by Mina Markham

MYTH #1: Designers “own” the design system

Mina describes herself as an engineer who designs.

She had a conversation with a designer where she asked to contribute to a design system and she ended up being dismissed.

The conversation of design systems is dominated by product designers. Engineers who work on these projects

Engineers provide invaluable knowledge about cross-browser functionality, how to implement the design in-browsers, build tooling, build performances not these systems, do rigorous testing… all of these things are paramount to the success of a system but they don’t get much of a look-in.

Deisgn systems should be multi-disciplinary. The HOW you go about creating something is just as important about the WHY. The code is ultimately the sources of truth for the system.

“Design systems teams should have representatives that bring different skill sets. Design, code, writing, accessibility, product management, and so on.” – Jina Anne

Design & engineering are intertwined but companies don’t know how to utilize people with hybrid skill sets.

The first mythological creature: The HYBRID (aka the Unicorn)
Possesses complimentary skill sets, such as design and code, but are often forced to choose between them based on the way their organization is set up.

We still don’t really know what to do with hybrid skill sets. The answer is let them work on design systems!

Design systems were MADE for hybrids. Design systems give hybrids a home.

Mina imagines that most engineers don’t feel welcome in the design system space.

Hybrids help bring unity to an organization the same way design systems do. Design systems Bridge the gaps within an organization and bring unity.

MYTH #2: Design systems kill creativity

“They don’t work for editorial projects…”
“Design systems are just components / style kits / UI kits.”

On the whole Mina feels there is an over reliance on components within a design system.

Mythological Creature: Components
see also: Mermaid
A Component can mean one thing in one system in one company and a completely different thing in a different system/company. Every system has this creature in it.

“Design systems are really just a bunch of UI kits and libraries of icons. People aren’t designing, they are just rearranging components someone else designs. Great job scrapbookers” (tweet)
This concept suggested to her a lack of understanding of what a design system actually is.

Design systems provide a foundation for visual expression. It has a lot of different aspects involved. You PROBABLY think of a library of buttons and treatments and drop downs that

Good design systems take into consideration a wider aspect of the company’s operations like tooling, accessibility standards, the workflow and processes in place, high level design systems, brand guidelines interpreted for the web, coding standards, governance and maintenance of the system. When these broader aspects are left out you’ll probably end up with a design system that will be outdated or abandoned after a few months since you don’t have a system in place that will let you deal with the evolving creature that is the design system.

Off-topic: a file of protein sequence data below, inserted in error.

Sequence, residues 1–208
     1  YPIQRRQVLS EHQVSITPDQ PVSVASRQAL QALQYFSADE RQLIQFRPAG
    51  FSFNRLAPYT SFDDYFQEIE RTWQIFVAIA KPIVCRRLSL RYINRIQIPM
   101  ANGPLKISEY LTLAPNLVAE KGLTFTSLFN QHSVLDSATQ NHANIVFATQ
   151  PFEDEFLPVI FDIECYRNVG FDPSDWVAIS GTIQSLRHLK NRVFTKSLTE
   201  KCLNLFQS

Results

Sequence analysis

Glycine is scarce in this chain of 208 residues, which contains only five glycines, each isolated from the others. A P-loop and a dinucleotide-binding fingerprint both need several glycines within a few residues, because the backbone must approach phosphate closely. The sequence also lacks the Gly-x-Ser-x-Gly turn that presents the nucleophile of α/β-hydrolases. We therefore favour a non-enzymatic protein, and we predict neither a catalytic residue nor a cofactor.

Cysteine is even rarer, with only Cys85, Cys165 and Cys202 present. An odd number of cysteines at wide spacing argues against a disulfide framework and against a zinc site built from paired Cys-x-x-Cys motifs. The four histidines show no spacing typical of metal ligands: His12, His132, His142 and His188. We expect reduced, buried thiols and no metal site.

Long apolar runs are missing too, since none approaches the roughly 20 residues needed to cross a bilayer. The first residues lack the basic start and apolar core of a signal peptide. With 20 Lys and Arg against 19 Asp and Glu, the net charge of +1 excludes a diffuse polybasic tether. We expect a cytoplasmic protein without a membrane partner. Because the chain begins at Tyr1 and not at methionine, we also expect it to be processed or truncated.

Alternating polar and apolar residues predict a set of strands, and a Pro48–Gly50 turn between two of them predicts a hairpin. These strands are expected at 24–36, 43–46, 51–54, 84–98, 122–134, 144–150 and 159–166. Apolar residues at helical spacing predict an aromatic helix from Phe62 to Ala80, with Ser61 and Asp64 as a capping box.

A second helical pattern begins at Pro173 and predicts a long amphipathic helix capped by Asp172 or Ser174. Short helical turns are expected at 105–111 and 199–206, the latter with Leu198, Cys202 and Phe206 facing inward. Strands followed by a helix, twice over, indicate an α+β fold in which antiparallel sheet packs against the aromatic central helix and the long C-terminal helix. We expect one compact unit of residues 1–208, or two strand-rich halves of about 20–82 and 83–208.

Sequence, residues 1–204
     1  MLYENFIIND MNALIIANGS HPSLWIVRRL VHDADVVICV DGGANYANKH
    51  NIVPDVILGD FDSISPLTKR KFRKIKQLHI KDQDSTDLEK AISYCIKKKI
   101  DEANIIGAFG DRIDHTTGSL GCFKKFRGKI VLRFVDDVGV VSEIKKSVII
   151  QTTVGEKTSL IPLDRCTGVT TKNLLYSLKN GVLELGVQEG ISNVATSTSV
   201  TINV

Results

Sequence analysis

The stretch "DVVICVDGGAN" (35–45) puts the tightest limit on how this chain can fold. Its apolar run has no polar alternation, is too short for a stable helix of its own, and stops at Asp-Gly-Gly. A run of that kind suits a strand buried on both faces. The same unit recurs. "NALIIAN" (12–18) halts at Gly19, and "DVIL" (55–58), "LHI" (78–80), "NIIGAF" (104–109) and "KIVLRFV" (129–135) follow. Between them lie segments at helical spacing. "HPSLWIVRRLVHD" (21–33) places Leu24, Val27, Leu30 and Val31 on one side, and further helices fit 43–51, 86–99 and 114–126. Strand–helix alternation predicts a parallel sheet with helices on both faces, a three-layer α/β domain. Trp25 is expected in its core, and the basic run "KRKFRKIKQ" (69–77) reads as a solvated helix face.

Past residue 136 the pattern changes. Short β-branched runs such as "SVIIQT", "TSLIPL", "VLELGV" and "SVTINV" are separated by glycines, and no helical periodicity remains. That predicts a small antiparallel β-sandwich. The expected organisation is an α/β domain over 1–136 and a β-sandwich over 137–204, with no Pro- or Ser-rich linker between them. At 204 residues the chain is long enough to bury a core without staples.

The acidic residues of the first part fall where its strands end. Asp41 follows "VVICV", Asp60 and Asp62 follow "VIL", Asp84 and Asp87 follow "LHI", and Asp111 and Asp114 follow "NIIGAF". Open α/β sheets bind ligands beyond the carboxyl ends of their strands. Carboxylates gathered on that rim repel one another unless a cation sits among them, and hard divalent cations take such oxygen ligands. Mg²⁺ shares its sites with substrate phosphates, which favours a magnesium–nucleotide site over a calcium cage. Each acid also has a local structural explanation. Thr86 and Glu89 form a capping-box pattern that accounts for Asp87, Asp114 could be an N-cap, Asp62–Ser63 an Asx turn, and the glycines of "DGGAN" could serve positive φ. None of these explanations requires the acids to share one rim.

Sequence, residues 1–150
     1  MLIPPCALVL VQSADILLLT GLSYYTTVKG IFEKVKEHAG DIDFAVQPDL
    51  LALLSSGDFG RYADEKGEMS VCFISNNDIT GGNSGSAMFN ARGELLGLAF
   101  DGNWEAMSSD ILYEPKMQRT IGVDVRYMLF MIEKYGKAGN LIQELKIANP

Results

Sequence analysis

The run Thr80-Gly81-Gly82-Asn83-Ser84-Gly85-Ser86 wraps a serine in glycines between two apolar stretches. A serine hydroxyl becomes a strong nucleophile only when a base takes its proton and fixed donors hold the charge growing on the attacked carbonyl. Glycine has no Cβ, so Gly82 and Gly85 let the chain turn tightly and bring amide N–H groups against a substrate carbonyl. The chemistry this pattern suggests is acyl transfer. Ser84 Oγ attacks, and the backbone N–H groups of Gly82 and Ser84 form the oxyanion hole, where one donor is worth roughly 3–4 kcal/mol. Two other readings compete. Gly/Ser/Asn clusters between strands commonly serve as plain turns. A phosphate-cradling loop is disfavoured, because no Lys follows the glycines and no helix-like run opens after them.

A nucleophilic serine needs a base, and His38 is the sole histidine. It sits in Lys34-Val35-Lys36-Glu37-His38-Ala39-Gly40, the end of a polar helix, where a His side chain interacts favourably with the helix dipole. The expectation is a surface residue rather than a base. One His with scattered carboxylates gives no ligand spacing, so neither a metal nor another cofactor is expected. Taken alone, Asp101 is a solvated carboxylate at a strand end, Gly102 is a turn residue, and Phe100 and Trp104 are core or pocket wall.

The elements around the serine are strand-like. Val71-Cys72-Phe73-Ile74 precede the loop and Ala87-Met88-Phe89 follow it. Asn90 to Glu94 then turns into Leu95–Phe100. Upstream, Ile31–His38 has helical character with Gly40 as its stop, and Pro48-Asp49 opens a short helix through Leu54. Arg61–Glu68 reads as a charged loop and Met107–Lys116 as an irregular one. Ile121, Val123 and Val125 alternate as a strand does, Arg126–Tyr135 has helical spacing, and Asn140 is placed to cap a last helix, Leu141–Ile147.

For her, ‘a design system is a set of rules that is reinforced by your company culture, processes and tooling, things that government how your organization creates products.’ – Mina

Rules and creativity are not mutually exclusive. Rules can (and sometimes should) be broken. Does this make her a hypocrite?

There is a time and a place for stricture stock components and there is a time and place to create complex visual extensions of your specific brand (Alice Lee)

Your design system isn’t a cookbook, but more of a pantry that you can use that you can use as you see fit. Yesenia Perez-Cruz

You decide what the rules are. The way you arrive at those rules should be informed by your team’s process and your team’s workflow. You decide on the art direction, layout, design patterns based on your own rules.

Once you get the rules out of the way you don’t have to worry about it! You can focus your time on more creative things like great motion guidelines (rather than trying to make a landing page for the umpteenth time.

The trick is to find key moments of brand expression. You can do this whether you want to create a strict design system of a loose design system.

Strict vs Loose Design Systems 

Strict design system: There are very boxed in rules around what you can and cannot do. This is more suited around product design / product work where you want things to be predictable and you don’t want to confuse your users so you want to be as consistent as possible.

Ex: Airbnb
They have a lot of emphasis on the components that are used that can be rearranged to create screens that are needed without a lot of variation around the controls of the product.

Loose design system: More open for experimentation and intentional deviations. The system provides an underlying foundational framework but allows a lot of freedom that is often necessary for editorial work. Designers are free to use or not use the system. To stick to certain aspects of it or to deviate as the situation requires.

Ex: TED design system.
Their design system has loser standards that you’re welcome to use or discard.

“Consistency is really only good insofar as it doesn’t prevent you from trying new things or breaking out of your box when the context is necessary.” – Michael McWatters

“A good design system help you improvise” – Yesenia Perez-Cruz

Product vs Marketing

In product design, people are using your product day-in and day out. If you’re doing more visual creative sites, you’re allowed to play, to be as expressive as you need to be.

You don’t want to FIGHT the snowflakes so much as you want to enable the snowflakes. A loose design system is key to maintaining consistency while still allowing for exploration and creativity.